MIAMI -- After James Jones knocked down his fifth 3-pointer of the night, Jermaine O'Neal had seen enough. Someone had to knock down Jones.
O'Neal would later admit he picked a poor way to respond, leveling the hot-shooting Jones with a right elbow as he sprinted through the paint late in the third quarter. It resulted in an ill-timed flagrant foul that stemmed the Boston Celtics' momentum as they tried to rally from their largest deficit of the night, one of numerous mental miscues Boston committed throughout a 99-90 loss to the Miami Heat in Game 1 of the Eastern Conference semifinal series at American Airlines Arena.
The Celtics were staring at a 19-point deficit early in the third quarter due in large part to Jones' 3-point barrage, but had whittled that down to eight before Jones came off another screen and buried his fifth trey in six tries.
O'Neal answered with a putback at the other end of the floor, then really answered with the elbow as Jones started to make his move with Kevin Garnett chasing. Jones made both freebies off the flagrant foul, then Mike Bibby drilled a 3-pointer of his own for a five-point possession that pushed Miami's lead back to 14. Less than two minutes after the flagrant, the lead had ballooned to 18 and Boston never got closer than seven.
"It's a part of the game, it's the playoffs," O'Neal said. "It's about doing what you need to do to win the game. [Did the flagrant] help the team? No. Should I keep my composure? Yes. There's ways that you can respond when things are done.
"I think this game was all about -- they played very well, definitely don't want to take anything away from them -- but we had a lot of unforced turnovers to start the game, almost to the point where we looked like a team that hasn't played in a week. They were the team that played with more force and the playoffs is about responding to the chess game. What's the next move? Who's going to make the next move? Who's going to be better at the next move?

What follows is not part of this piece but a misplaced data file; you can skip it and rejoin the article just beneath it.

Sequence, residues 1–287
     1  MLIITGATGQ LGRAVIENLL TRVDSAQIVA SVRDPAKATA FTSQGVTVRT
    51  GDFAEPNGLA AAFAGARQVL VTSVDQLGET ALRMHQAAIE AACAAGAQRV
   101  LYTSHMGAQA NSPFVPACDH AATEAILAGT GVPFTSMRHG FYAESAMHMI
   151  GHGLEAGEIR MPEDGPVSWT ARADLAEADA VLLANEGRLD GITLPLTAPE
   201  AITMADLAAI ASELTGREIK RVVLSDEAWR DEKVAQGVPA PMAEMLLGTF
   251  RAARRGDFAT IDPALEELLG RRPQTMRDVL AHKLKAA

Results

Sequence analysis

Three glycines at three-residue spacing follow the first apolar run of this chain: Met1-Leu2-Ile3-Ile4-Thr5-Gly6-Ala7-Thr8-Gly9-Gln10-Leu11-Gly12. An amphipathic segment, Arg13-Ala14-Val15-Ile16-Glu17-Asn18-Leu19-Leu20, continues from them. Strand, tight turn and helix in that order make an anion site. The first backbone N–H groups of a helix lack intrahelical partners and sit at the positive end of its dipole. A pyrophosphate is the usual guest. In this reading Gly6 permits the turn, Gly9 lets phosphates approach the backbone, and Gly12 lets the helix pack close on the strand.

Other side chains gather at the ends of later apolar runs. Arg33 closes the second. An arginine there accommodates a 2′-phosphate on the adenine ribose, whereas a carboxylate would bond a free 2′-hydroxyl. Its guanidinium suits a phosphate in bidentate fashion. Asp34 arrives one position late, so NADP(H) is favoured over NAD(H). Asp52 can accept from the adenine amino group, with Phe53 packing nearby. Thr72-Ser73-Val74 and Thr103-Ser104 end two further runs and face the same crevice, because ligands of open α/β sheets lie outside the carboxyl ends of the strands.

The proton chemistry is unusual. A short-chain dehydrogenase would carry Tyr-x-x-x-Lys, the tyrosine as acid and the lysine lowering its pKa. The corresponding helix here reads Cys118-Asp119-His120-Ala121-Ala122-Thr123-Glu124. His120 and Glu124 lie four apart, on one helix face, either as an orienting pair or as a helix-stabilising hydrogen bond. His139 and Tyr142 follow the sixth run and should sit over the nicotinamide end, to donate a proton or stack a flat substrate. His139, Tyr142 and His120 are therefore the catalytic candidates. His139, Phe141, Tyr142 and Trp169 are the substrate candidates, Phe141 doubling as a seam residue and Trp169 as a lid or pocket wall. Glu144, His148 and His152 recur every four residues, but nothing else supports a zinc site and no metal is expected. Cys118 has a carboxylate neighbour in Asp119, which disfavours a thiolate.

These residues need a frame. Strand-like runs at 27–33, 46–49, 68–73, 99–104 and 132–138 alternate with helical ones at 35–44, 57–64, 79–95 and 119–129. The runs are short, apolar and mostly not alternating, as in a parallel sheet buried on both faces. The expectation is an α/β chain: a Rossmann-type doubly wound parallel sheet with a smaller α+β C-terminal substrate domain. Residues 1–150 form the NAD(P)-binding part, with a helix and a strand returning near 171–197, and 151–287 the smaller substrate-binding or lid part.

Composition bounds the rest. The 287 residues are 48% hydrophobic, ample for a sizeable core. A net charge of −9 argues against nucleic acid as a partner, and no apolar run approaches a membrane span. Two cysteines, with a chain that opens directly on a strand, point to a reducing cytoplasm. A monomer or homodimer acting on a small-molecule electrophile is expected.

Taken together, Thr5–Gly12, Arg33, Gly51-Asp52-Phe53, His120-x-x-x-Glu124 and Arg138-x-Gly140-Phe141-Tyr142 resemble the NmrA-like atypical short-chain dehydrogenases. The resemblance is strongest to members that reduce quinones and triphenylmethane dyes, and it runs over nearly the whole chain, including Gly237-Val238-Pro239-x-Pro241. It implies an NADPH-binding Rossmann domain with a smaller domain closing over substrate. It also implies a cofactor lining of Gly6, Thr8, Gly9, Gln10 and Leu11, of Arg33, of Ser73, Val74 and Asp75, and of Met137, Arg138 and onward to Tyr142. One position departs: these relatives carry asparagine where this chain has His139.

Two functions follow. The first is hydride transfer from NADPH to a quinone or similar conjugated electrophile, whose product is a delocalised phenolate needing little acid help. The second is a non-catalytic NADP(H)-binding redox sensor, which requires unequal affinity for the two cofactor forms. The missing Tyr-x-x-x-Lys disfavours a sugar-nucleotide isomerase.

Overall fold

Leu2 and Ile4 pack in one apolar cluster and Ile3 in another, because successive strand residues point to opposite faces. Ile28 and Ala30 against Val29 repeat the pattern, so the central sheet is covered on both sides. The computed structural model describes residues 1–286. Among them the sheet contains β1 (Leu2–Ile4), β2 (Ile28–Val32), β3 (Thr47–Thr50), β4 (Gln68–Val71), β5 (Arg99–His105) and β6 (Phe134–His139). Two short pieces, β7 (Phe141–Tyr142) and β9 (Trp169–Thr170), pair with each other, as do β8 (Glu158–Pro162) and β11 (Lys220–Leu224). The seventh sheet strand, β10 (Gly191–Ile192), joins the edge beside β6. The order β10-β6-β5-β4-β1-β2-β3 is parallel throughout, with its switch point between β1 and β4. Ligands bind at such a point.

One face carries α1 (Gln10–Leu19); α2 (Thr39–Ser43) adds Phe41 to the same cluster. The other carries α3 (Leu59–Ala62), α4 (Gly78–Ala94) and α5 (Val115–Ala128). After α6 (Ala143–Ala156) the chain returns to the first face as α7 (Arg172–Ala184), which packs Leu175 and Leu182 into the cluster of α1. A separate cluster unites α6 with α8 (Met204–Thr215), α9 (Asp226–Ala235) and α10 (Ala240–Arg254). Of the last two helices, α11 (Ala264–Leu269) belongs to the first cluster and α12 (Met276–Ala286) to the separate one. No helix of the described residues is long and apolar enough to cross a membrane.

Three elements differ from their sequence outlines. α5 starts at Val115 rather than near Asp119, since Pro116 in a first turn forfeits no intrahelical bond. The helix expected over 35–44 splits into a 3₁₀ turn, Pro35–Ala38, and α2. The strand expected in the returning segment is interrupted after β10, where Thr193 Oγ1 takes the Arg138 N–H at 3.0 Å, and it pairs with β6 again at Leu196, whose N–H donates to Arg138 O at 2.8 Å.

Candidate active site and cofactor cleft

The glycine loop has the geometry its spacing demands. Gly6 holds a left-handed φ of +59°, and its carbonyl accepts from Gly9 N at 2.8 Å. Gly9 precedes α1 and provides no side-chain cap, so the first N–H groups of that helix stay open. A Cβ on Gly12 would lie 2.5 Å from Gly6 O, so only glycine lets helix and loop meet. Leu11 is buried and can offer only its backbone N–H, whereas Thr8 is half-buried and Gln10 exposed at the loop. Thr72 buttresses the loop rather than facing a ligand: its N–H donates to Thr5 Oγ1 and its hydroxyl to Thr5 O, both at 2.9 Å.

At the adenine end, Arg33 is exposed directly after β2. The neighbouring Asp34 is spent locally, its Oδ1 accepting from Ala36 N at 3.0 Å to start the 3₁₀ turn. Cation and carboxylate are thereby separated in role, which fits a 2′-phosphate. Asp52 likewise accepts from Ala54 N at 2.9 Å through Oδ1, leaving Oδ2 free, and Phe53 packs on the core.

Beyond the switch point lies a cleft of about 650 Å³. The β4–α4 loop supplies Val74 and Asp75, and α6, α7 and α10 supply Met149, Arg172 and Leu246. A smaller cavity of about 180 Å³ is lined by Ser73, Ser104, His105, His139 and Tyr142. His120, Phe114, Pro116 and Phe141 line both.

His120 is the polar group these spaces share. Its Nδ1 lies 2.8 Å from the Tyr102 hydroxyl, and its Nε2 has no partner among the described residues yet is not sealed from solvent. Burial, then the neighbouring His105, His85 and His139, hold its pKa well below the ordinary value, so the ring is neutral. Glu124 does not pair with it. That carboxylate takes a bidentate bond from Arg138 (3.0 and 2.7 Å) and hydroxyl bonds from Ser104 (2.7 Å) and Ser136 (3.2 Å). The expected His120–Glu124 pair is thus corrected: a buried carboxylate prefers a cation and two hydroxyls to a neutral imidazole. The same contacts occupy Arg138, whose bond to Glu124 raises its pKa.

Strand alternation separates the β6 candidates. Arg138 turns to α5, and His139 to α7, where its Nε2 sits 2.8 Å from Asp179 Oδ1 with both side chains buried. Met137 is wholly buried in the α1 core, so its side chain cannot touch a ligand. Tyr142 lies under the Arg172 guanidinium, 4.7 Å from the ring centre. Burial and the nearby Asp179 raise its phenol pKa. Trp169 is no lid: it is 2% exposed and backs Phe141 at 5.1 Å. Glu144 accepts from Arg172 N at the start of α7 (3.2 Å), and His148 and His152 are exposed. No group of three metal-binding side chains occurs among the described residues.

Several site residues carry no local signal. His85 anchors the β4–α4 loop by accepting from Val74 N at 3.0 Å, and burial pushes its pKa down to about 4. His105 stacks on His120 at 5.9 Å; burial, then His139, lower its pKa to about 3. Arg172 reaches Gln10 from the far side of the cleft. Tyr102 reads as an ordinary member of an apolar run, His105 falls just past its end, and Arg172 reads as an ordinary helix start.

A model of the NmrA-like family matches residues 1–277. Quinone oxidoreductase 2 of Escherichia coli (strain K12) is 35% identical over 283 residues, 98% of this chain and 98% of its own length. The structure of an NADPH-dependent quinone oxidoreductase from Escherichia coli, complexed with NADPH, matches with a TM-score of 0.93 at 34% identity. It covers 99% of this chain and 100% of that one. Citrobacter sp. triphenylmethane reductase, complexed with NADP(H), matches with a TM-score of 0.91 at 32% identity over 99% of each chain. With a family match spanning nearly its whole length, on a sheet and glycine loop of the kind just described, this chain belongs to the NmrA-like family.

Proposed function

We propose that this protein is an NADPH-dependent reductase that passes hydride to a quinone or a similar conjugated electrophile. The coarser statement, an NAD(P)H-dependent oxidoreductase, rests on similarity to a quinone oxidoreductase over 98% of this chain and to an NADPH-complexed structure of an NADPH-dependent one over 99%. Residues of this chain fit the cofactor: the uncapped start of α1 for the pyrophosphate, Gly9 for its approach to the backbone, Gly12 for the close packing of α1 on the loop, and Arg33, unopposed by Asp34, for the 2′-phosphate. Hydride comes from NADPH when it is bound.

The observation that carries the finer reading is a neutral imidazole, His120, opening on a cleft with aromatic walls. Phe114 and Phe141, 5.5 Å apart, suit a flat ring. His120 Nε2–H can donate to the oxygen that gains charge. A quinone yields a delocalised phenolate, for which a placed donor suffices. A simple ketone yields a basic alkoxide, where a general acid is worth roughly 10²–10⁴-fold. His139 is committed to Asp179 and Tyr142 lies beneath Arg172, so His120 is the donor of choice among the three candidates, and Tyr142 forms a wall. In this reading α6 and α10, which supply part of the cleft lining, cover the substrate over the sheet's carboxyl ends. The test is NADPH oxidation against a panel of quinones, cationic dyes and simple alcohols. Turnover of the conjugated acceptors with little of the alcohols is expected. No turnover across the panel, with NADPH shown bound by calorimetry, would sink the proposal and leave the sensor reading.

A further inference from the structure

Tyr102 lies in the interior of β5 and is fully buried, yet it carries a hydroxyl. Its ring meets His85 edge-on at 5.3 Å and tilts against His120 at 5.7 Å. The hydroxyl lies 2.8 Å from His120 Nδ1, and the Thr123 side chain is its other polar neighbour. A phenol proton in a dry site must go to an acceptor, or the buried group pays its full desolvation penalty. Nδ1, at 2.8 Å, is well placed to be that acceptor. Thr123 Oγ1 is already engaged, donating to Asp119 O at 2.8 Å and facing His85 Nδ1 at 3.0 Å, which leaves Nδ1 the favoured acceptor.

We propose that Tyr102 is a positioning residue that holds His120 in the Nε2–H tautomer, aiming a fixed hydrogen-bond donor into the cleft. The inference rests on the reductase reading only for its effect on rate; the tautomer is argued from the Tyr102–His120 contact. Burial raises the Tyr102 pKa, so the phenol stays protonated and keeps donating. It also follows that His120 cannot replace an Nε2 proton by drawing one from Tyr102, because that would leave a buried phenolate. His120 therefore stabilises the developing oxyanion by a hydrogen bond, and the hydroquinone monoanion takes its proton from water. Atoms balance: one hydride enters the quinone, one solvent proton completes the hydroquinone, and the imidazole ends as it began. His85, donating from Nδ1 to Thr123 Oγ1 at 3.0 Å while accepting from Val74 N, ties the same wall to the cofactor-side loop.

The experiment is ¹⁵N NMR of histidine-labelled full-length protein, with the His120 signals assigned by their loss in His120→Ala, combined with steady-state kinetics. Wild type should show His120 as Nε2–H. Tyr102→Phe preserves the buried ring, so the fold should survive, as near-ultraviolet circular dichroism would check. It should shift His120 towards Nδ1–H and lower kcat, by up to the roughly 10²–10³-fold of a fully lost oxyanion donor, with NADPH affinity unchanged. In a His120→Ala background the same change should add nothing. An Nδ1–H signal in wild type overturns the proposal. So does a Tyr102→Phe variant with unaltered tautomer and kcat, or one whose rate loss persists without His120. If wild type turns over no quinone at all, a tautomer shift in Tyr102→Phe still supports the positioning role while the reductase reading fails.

"Do we feel like we can play better? A lot better? Absolutely. We feel like we didn't play at the level we're supposed to play at. Some of it's the way they played, and a lot of it's the way we played."
Boston shot itself in the foot all game. While the Heat struggled to make jumpers out the gate, the Celtics couldn't capitalize. Rajon Rondo found himself in early foul trouble and Paul Pierce labored through a dreadful first half plagued by the one thing Boston absolutely couldn't survive -- turnovers.
It all added up to a 15-point halftime deficit, and no matter how hard they tried to rally, Boston couldn't get out of its own way.
"I just think when we did make our run, we dug a hole for ourselves," Celtics point guard Rajon Rondo said. "We got flagrant fouls, we didn't stop their 3-point shooters. We kind of beat ourselves in this situation. We were making runs, it's just we weren't making the right plays or it was a turnover. It's simple stuff."
Rondo pinned much of the blame on his own play. He found himself in avoidable foul trouble that contributed to him playing a mere 8:23 in the first half, generating two points and no assists before intermission. Then in the fourth quarter he got a case of the fumbles, turning the ball over five times.
But it was the foul trouble that made Rondo a nonfactor. He got tagged with a loose-ball foul while chasing his own miss about four minutes into the game, and, after a Pierce turnover, was forced to foul LeBron James on the break to prevent an easy layup.
The Celtics rolled the dice, putting Rondo back on the floor at the start of the second quarter, and a mere 43 seconds in, he got tangled with Jones chasing a rebound and was whistled for his third foul, sending him back to the pine.
"The third foul, I thought I [had] inside position on the guy," Rondo said with a shrug. "He flopped and got the call."
Whether the call was just doesn't matter. The Celtics repeatedly put themselves in tough spots like that and prevented themselves from making a sustained run.
Tempers boiled over in the fourth quarter, culminating with Pierce's ejection after a pair of double technicals. But the Celtics came unraveled much earlier, and coach Doc Rivers was disappointed in his team's lack of composure, particularly having been in numerous intense games before in the Big Three era.
"It's tough," Rivers admitted. "It's so easy for me, suit and tie. I do remember when I played, I kind of lost my cool a couple of times. I was in these things as well, maybe once. But you knew it was coming.
"All [Miami] did was talk about being physical. To me that's not physical, by the way, that's chippy. That isn't physical. But we didn't handle it very well, and that's what was disappointing to me."
The Celtics are typically instigators, not retaliators. They got a taste of what it's like to play themselves Sunday and they didn't like the texture. Boston has to put all that in the past quickly or face its first 2-0 deficit of the Big Three era.
"Now it's about winning one," O'Neal said. "We're going to take it one game at a time. Nobody said it's going to be easy."
But the Celtics themselves made it this hard.
Chris Forsberg covers the Celtics for ESPNBoston.com.